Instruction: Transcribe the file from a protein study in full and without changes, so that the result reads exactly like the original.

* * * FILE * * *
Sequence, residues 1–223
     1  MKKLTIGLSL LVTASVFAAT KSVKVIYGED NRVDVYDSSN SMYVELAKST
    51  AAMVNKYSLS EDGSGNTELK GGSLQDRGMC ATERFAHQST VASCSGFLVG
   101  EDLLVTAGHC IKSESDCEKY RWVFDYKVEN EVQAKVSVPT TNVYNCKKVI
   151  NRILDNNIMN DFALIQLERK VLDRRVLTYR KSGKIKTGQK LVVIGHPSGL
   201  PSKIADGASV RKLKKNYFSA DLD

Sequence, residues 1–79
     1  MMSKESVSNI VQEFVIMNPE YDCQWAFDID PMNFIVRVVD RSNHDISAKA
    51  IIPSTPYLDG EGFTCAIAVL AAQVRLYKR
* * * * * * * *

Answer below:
Sequence, residues 1–223
     1  MKKLTIGLSL LVTASVFAAT KSVKVIYGED NRVDVYDSSN SMYVELAKST
    51  AAMVNKYSLS EDGSGNTELK GGSLQDRGMC ATERFAHQST VASCSGFLVG
   101  EDLLVTAGHC IKSESDCEKY RWVFDYKVEN EVQAKVSVPT TNVYNCKKVI
   151  NRILDNNIMN DFALIQLERK VLDRRVLTYR KSGKIKTGQK LVVIGHPSGL
   201  PSKIADGASV RKLKKNYFSA DLD

Sequence, residues 1–79
     1  MMSKESVSNI VQEFVIMNPE YDCQWAFDID PMNFIVRVVD RSNHDISAKA
    51  IIPSTPYLDG EGFTCAIAVL AAQVRLYKR